As of July 4, 2013, ferry service had not yet resumed to Ellis Island. It did, however, start up again to Liberty Island.
With the Battery off in the distance, our boat headed for the Statue of Liberty.
Although the statue itself was not damaged by Superstorm Sandy, Liberty Island suffered significant damage to its infrastructure. Bricks were ripped up from pavements and Liberty Island’s dock, where tourists arrive by ferry may need to be rebuilt completely ...
The Statue of Liberty, which celebrated its 125th year in 2012, had just completed an extensive $30-million renovation project that closed her crown to visitors for a year. Her long-awaited re-opening lasted for just six hours before Superstorm Sandy crashed into New York Harbor in late-October 2012. Damage to her flood-water-soaked mechanical systems had laid the iconic structure dark for approximately two weeks ...
After Superstorm Sandy began impacting the metro New York area on October 29, 2012, Lady Liberty was finally illuminated on Friday, November 9, 2012 for the first time since the massive storm.
During the 19th and early 20th centuries the area that is now Liberty State Park was a major waterfront industrial area with an extensive freight and passenger transportation network. This network became the lifeline of New York City and the harbor area. The Park's Center provides interpretive and educational programming focusing on the natural history and ecology of the Hudson River Estuary and New York-New Jersey Harbor Estuary. Visitors here are invited to learn more about salt marshes, fish life, endangered species, early settlements of the area and the Industrial Revolution.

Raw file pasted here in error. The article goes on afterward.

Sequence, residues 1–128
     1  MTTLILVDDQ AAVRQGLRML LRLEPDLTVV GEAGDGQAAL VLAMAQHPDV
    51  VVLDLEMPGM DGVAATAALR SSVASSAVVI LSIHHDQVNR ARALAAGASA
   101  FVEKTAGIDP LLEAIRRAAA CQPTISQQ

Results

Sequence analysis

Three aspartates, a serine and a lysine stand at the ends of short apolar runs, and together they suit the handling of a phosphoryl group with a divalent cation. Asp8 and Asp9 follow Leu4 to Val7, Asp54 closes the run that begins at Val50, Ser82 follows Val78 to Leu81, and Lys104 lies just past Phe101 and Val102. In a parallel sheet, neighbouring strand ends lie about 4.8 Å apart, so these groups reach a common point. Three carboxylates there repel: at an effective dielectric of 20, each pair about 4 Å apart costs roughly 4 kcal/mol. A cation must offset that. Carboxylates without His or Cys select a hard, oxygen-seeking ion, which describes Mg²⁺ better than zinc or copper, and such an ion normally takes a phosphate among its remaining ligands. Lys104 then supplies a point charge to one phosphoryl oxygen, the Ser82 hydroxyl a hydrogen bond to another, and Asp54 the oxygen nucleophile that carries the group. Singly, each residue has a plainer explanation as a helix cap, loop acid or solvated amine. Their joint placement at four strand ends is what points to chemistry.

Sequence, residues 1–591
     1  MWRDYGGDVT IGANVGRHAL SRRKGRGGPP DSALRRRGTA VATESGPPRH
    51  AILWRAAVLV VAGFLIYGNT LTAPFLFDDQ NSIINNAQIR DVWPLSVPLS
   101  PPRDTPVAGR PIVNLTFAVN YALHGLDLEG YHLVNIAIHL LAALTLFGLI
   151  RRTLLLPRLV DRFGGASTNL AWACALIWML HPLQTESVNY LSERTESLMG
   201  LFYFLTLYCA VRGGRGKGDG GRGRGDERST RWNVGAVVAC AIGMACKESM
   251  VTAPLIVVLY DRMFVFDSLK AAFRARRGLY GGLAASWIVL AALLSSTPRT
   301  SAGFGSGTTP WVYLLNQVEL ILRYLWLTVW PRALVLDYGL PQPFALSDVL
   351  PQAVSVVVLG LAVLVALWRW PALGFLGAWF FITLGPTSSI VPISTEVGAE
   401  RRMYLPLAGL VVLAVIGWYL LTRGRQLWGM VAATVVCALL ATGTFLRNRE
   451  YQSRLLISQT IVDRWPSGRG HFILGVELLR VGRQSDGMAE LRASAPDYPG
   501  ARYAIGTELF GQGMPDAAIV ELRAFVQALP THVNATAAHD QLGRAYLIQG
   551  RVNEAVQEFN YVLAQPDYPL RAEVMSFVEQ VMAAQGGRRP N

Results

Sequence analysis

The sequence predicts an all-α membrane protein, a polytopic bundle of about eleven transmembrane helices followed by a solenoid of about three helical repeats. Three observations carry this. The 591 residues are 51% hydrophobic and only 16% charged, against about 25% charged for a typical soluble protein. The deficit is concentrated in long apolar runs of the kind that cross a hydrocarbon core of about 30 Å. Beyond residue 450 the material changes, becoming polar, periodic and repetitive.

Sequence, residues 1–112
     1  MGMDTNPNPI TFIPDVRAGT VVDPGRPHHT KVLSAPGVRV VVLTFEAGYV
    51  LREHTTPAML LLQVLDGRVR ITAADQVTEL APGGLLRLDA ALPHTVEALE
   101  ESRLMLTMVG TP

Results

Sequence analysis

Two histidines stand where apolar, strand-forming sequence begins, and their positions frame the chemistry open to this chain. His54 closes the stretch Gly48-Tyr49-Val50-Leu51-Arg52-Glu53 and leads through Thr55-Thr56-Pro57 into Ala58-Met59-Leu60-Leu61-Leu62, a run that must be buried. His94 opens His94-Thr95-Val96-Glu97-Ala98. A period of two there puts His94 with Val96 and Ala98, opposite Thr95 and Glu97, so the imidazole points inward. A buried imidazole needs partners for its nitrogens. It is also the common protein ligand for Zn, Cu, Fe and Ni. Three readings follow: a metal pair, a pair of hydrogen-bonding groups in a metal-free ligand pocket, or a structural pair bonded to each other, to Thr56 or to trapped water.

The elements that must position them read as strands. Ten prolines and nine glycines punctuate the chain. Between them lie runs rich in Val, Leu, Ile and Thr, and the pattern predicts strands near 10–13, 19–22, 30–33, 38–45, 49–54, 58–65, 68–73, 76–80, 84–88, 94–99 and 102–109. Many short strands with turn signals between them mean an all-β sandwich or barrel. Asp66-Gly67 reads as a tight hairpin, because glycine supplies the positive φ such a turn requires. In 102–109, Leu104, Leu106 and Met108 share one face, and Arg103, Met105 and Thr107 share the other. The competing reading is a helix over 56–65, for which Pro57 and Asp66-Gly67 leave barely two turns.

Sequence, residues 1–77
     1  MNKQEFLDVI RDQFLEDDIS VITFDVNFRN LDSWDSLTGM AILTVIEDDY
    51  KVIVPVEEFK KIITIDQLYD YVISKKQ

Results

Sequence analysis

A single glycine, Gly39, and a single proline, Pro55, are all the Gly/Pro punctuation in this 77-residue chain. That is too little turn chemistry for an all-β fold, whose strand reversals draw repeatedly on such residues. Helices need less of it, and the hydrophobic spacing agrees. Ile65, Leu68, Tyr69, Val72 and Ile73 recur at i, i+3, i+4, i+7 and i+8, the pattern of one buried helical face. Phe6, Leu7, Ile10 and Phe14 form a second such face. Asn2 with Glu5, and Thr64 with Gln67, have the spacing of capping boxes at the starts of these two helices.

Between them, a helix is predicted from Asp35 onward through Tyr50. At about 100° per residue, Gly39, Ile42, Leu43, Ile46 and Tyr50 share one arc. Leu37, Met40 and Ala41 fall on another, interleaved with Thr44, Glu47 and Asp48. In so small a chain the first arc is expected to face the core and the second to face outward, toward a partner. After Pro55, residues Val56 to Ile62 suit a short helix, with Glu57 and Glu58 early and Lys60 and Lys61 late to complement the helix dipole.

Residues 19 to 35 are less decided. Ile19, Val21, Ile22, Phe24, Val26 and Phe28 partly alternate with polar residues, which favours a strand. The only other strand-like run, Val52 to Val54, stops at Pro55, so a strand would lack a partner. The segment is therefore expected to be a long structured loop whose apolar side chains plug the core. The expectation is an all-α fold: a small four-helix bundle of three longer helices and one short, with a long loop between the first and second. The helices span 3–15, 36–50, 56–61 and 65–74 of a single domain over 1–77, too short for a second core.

Today, Liberty State Park continues to serve a vital role in the New York Harbor area ...
As the railroads and industry declined, the land at Liberty State Park was abandoned and became a desolate dump site. With the development of Liberty State Park came a renaissance of the waterfront. Land with decaying buildings, overgrown tracks and piles of debris was transformed into a modern urban state park ...
Liberty State Park was formerly opened on Flag Day, June 14, 1976, as New Jersey's bicentennial gift to the nation. Most of this 1,122 acre park is open space with approximately 300 acres developed for public recreation.
Lady Liberty, in the distance, as seen from Liberty State Park.
New York Sea Grant (NYSG), a cooperative program of Cornell University
and the State University of New York, is one of 33 university-based
programs under the National Sea Grant College Program (NSGCP) of the
National Oceanic and Atmospheric Administration (NOAA). The NSGCP
engages this network of the nation’s top universities in conducting
scientific research, education, training and extension projects designed
to foster science-based decisions about the use and conservation of our
aquatic resources. Through its statewide network of integrated
services, NYSG has been promoting coastal vitality, environmental
sustainability, and citizen awareness about the State’s marine and Great
Lakes resources since 1971.
For updates on Sea Grant activities: www.nyseagrant.org